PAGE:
I drove across the country (from Wis to Mass) with Obe the Dobie in mid-May. I had had him for six weeks (you may have read about it here) and had loaded on the positive training. He had been through two families in his short, 6-month life and needed lots of fun and acceptance, but channeled towards the things considered acceptable dog behavior. So being the smart boy he was, he learned a lot and became relaxed and confident, but still a young dog with all the young dog ideas–maybe even more of them since clicker training seems to encourage creativity.
My daughter, needed a dog. She had raised and trained a Heeler (Denver) in high school and took her to college with her in Madison. But Denver hadn’t been happy in city life. Denver is 12-years-old now and would not like leaving Medford. So Obie, a much more social and outgoing creature with the appearance of a guard dog…arrived in Northampton.
Obe’s training continued and my daughter’s training began in earnest.
Aggressive/reactive training methods are remembered and appear to be easily trained to people. Being generous to the dog’s preferences often includes reinforcing things you may not want repeated, oops…like peeing on every hedge in a hedge filled city. Whereas awareness of what’s really going on and proactive, gentle approaches are overlooked and not marked into memory.
It was a long time since she had trained a dog from puppy-hood and even though he is now 8-months old, he’s still doing puppy things. He needs to be set up to do things right and not given a set up that will make it too difficult for him to comply. Just like a toddler, if they sleep all day, they’re not going to be willing to quietly sleep all night. Being irritated about it won’t fix it.
In yoga, (my daughter is an excellent yoga instructor, I was in one of her classes and heard it from countless of her students, young and old) the instructions are demonstrated, told in easy to do parts and repeated calmly and then the whole pose is done again with all the prompts and maybe key things pointed out quietly for individuals with praise for compliance. The idea is individual improvement and being in touch with mind/body. Forcing someone or causing injury is an anathema. And being aware of whether a student might be overdoing or doing things in a way that would be injurious is very important.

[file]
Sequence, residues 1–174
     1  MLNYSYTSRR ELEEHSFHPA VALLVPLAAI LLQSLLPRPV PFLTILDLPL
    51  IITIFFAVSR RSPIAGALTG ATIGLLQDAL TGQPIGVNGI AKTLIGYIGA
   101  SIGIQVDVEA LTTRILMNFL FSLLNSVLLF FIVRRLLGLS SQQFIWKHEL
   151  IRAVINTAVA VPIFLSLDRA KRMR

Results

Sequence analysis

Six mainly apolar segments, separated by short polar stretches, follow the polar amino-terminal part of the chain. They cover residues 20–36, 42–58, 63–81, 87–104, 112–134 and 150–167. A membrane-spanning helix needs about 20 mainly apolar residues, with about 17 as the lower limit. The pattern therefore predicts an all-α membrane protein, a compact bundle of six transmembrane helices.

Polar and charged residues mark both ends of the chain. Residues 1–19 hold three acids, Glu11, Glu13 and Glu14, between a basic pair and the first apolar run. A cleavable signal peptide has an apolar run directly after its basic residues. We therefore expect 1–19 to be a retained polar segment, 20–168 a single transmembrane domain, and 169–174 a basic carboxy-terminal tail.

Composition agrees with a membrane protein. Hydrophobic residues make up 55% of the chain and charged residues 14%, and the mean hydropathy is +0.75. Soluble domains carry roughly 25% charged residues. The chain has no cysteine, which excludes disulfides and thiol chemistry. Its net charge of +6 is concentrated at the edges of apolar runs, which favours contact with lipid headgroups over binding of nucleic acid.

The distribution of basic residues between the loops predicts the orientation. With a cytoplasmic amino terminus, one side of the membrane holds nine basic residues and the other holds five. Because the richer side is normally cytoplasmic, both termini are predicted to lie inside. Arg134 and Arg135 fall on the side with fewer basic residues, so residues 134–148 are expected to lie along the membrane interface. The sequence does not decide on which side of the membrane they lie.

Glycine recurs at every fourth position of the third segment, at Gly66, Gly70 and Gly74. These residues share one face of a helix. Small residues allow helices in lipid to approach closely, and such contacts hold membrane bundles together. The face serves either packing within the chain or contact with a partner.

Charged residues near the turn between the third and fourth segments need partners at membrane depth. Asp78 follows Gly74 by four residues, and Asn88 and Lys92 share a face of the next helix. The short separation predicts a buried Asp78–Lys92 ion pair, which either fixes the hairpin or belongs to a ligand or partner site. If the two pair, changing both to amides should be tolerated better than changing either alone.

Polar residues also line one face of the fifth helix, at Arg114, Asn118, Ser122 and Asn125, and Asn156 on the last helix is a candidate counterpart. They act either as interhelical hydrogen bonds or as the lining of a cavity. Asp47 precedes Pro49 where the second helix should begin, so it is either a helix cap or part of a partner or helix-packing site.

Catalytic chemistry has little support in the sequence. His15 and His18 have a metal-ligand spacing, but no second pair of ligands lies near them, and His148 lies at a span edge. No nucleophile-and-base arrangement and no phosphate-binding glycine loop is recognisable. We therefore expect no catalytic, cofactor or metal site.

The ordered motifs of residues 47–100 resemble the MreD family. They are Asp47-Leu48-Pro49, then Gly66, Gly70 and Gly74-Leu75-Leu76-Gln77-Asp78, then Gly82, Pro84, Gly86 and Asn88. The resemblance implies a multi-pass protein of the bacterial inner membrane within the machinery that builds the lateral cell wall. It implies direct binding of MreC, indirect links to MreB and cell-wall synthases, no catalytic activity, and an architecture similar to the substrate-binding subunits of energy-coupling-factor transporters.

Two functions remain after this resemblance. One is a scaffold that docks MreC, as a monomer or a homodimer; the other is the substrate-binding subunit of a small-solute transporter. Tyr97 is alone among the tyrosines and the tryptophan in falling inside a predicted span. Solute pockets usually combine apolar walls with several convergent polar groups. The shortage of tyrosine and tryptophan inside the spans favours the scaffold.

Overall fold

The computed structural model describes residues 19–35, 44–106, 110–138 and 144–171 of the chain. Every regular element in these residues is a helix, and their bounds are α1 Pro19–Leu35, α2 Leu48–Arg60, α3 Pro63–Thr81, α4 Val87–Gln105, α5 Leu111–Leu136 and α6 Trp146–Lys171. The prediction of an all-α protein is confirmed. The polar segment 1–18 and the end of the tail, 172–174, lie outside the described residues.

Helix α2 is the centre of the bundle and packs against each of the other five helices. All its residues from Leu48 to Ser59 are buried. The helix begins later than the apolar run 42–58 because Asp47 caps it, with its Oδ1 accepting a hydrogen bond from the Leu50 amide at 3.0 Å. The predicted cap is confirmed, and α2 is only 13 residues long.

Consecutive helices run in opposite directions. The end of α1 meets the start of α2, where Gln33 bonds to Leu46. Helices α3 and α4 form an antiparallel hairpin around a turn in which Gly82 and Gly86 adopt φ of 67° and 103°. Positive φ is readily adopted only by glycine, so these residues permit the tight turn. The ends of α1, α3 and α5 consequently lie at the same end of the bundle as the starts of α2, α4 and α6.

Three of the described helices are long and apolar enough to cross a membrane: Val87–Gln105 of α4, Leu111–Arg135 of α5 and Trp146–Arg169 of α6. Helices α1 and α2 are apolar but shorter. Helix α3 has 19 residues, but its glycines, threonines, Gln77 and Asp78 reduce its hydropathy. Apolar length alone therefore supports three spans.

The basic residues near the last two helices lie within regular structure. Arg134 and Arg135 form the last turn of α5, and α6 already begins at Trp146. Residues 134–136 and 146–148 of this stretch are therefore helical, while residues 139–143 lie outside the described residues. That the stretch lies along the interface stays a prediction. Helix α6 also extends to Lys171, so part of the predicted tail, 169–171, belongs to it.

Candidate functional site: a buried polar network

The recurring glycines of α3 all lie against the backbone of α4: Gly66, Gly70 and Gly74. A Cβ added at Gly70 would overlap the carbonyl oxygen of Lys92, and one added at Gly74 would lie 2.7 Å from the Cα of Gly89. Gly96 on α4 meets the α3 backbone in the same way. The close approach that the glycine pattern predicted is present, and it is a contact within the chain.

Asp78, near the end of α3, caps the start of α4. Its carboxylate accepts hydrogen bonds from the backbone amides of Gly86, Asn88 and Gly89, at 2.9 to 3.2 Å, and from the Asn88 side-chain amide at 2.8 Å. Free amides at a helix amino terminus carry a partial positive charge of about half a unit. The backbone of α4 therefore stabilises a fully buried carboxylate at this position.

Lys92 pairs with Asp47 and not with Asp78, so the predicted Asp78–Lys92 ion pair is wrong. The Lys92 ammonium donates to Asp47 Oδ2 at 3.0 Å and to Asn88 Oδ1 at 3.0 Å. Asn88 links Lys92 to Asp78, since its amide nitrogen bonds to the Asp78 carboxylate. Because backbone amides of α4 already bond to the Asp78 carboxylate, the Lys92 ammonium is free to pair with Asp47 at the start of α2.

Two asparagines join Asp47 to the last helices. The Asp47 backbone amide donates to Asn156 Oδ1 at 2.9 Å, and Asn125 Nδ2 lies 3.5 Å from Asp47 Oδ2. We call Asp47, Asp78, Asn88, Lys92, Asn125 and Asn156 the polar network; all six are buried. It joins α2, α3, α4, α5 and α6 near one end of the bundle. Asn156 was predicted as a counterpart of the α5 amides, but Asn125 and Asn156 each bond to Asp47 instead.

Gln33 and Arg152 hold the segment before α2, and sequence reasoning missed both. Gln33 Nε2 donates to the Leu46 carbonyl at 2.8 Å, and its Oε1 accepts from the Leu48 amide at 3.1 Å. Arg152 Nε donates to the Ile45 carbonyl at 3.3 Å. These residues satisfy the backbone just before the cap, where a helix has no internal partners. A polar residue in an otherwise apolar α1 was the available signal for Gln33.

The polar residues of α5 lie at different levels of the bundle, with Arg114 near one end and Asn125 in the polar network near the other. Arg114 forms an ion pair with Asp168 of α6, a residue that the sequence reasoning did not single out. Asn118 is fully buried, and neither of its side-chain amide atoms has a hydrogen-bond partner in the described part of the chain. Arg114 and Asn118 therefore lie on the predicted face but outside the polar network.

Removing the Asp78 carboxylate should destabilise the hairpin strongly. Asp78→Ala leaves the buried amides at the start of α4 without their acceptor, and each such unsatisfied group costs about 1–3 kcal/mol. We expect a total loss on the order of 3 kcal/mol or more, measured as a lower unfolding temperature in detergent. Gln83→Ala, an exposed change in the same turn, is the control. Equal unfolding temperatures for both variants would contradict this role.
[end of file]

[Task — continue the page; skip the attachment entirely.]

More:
The same is true in dog communication. Positive, but not permissive. Intense awareness and pro-activity leads to easy companionship later.
Somehow the idea of focusing and rewarding early was difficult to understand. Maybe because it needs to be soooo early and the right thing is only a part of ‘the right thing.’ And the speed is often fast.
New person, new place, new smells…means almost total puppy kindergarten again. And being on a leash all the time means the collar ends up getting pulled on (aversive) way often just because two creatures are moving at different speeds and sometimes in different directions, which increases the need for fun play and fun treats even more. Otherwise the set up is irritating to both parties and then the dog doesn’t want to focus on the person, instead they want to sniff and get their own positive reinforcements from the world around them.
The different way of thinking is being ahead of the process enough to modify the series of events, example: there’s a person coming who wants to pet the lovely dog (this happened a lot) – so shorten the lead, while smiling and telling the person “I’m training him and could use your help to keep him calm while greeting people.” (or you could smile and just say “I’m training now, so no.”) Then they will pause, and if it’s a petting situation, I move into the way about 50 percent, to form a body block and keep hands on his neck/face area to modify and reassure the correct response. This will both modify their tendency of rowdy petting and his tendency to react to rowdy petting. As he gets better and better at this and more people get trained to pet him more appropriately, things will smooth out so less up front intervention is needed.
Pauses to calm and collect are important set up helps. If allowed to, most people will train a puppy/set them up to jump up and act wild while they tell them “No, down” and keep on touching and trying to pet.
Focus, mutual attention is needed, otherwise other things are more interesting for everyone. And being more interesting means having things to do or be more interesting with – in the woods? Sticks are good, dirt, leaves… In the city – toys, smells, food, benches for observing and calm mutual enjoyment.
Being engaged. Being in the present is the gift or maybe the hazard of having a pup.
It’s a different way of thinking. Being so aware of something else, an other. It’s a different way of thinking.